Consumer confidence falls in June

After climbing for two months, the key index drops as more Americans say jobs are hard to find.

EMAIL  |   PRINT  |   SHARE  |   RSS
google my aol my msn my yahoo! netvibes
Paste this link into your favorite RSS desktop reader
See all RSS FEEDS (close)

Did Bernard Madoff receive a fair sentence?
  • Yes
  • It was too harsh
  • No penalty is severe enough
Recession: I'm lovin' it!
From a half-price deck to spending time with the kids to traveling around the country in pursuit of the best party, these people are making the most of the downturn.

NEW YORK (Reuters) -- Consumer confidence fell unexpectedly in June after two straight months of gains as Americans' optimism over business and job conditions weakened.

The Conference Board, an industry group, said Tuesday its index of consumer attitudes dropped to 49.3 this month from a downwardly revised 54.8 in May. Markets were expecting a reading of 55.0 for June.

The Present Situation Index also slid to 24.8 from 29.7.

Stocks fell while the dollar rose against the euro in the wake of the consumer confidence data.

"Following the upward revision to the University of Michigan Consumer Confidence survey, the decline in the Conference Board's Consumer Sentiment report was a big shocker," said Kathy Lien, director of FX strategy at GFT in New York.

"Despite the fact that the S&P 500 is close to 40% off its March lows, Americans grew less optimistic about present and future situations. The weaker confidence number should help the dollar recovery for the rest of the day. "

Americans saying jobs are "hard to get" increased to 44.8% from 43.9% the previous month, while those saying jobs are "plentiful" slid to 4.5% from May's 5.8%.

"The decline in the Present Situation index, caused by a less favorable assessment of business conditions and employment continues to imply that economic conditions, while not as weak as earlier, are nonetheless weak," said Lynn Franco, director of The Conference Board's Consumer Research Center.

Those claiming business conditions are "good" slipped to 8.0% from 8.8%, while those saying business conditions are "bad" edged up to 45.6% from 44.5%. To top of page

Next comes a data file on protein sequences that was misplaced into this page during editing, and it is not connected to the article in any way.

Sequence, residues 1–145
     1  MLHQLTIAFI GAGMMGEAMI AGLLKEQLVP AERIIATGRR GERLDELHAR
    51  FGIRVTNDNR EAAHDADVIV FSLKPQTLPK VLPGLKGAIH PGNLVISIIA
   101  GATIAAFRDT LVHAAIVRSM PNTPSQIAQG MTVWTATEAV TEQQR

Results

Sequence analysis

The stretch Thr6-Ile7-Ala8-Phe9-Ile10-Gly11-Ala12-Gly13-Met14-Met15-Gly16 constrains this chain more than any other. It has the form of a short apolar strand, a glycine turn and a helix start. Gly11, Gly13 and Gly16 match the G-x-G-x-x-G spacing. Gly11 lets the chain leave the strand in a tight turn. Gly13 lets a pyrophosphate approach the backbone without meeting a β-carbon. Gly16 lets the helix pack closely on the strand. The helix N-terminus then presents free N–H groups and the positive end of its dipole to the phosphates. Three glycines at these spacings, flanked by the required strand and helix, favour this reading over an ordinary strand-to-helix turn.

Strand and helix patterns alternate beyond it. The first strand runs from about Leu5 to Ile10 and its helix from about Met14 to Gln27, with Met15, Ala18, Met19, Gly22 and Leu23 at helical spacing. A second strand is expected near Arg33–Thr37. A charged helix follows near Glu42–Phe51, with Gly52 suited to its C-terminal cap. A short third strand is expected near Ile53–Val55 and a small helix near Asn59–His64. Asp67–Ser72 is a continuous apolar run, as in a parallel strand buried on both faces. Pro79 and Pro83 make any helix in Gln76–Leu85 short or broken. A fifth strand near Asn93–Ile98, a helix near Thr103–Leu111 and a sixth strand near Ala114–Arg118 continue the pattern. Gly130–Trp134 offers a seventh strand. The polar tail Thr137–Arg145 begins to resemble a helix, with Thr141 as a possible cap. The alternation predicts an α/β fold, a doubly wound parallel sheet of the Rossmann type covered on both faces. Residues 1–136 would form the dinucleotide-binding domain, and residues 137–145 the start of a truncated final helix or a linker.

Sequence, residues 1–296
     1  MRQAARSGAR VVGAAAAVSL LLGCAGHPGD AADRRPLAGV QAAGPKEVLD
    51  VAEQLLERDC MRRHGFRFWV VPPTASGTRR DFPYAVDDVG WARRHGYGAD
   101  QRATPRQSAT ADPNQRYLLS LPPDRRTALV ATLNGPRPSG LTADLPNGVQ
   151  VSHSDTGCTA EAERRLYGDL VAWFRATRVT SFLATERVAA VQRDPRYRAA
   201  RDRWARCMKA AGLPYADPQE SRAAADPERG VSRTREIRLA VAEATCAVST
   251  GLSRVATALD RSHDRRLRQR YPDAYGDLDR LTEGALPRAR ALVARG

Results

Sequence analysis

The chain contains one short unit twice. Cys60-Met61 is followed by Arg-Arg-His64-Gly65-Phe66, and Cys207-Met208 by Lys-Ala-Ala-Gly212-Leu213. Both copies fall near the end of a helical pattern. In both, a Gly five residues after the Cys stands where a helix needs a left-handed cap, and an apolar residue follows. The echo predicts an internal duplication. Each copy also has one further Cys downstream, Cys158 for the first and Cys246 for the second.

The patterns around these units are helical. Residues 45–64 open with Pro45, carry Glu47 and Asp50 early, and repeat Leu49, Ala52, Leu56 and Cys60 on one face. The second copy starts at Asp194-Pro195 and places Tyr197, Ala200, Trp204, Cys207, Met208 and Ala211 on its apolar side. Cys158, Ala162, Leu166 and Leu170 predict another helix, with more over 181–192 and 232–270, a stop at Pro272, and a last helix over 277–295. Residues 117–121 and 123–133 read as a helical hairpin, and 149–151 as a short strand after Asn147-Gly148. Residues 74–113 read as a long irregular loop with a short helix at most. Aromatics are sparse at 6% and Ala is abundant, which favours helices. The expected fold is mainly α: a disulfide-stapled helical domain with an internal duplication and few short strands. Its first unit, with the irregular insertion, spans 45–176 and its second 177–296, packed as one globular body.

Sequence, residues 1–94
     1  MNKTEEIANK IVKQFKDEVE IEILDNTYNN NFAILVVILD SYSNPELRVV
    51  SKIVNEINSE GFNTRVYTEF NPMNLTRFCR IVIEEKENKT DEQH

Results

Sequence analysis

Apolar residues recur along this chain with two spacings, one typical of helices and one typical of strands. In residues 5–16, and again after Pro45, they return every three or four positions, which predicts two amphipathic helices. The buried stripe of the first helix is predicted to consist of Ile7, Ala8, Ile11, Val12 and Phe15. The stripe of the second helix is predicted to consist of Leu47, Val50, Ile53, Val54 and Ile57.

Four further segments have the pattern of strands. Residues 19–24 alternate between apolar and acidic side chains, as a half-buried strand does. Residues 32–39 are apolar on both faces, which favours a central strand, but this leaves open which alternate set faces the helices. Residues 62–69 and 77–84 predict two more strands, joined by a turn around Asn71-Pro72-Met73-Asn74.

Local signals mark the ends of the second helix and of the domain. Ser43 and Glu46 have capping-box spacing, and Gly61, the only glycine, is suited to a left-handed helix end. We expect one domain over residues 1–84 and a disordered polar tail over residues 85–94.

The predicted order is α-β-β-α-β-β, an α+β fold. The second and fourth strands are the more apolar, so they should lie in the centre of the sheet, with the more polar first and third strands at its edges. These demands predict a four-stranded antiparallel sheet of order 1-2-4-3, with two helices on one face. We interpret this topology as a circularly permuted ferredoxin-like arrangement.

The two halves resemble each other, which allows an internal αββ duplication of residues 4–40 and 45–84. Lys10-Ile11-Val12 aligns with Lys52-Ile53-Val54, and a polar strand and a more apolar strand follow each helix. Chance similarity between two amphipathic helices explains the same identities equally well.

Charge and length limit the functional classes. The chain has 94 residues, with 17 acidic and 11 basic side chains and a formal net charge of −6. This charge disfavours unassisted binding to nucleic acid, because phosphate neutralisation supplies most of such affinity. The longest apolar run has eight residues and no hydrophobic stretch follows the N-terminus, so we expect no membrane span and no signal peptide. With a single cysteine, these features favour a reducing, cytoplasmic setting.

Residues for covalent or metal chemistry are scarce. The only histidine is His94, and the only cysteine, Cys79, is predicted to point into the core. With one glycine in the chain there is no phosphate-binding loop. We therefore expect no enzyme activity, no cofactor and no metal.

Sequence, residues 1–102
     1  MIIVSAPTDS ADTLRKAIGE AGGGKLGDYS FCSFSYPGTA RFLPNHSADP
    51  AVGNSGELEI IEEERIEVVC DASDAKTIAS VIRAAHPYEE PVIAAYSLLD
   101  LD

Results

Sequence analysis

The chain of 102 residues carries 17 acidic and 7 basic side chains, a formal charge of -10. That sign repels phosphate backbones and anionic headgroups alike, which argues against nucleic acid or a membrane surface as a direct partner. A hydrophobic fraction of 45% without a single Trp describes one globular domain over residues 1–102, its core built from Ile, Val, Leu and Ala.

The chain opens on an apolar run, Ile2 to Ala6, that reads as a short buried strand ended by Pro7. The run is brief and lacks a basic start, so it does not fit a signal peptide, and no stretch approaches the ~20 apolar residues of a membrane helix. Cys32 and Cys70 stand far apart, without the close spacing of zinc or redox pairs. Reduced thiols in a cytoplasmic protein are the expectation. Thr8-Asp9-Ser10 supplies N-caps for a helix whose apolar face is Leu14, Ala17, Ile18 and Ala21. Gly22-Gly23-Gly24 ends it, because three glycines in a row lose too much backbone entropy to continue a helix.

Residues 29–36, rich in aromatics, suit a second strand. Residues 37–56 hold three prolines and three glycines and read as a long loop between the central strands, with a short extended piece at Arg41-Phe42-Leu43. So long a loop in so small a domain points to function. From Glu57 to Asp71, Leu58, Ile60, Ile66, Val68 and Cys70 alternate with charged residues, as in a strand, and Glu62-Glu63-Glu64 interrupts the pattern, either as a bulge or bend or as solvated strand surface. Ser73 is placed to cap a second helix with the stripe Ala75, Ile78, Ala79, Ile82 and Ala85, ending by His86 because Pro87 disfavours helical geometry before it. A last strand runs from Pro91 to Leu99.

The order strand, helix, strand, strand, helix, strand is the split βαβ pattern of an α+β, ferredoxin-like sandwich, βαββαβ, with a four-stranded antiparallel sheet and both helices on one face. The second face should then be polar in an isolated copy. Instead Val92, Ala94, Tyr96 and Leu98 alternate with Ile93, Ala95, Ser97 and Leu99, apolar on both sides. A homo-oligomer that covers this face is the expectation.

They're hiring!These Fortune 100 employers have at least 350 openings each. What are they looking for in a new hire? More
If the Fortune 500 were a country...It would be the world's second-biggest economy. See how big companies' sales stack up against GDP over the past decade. More
Sponsored By:
More Galleries
5 radical technologies that will change how you get to work From Uber's flying cars to the Hyperloop, these are some of the neatest transportation concepts in the works today. More
Royal wedding: How much will it cost? Meghan Markle's wedding to Prince Harry could cost millions once security is included in the bill. See how the costs break down. More
Robot co-workers? 7 cool technologies changing the way we work Experts believe humans and machines will work much more closely together. More
Worry about the hackers you don't know 
Crime syndicates and government organizations pose a much greater cyber threat than renegade hacker groups like Anonymous. Play
GE CEO: Bringing jobs back to the U.S. 
Jeff Immelt says the U.S. is a cost competitive market for advanced manufacturing and that GE is bringing jobs back from Mexico. Play
Hamster wheel and wedgie-powered transit 
Red Bull Creation challenges hackers and engineers to invent new modes of transportation. Play

Copyright 2009 Reuters All rights reserved. This material may not be published, broadcast, rewritten, or redistributed.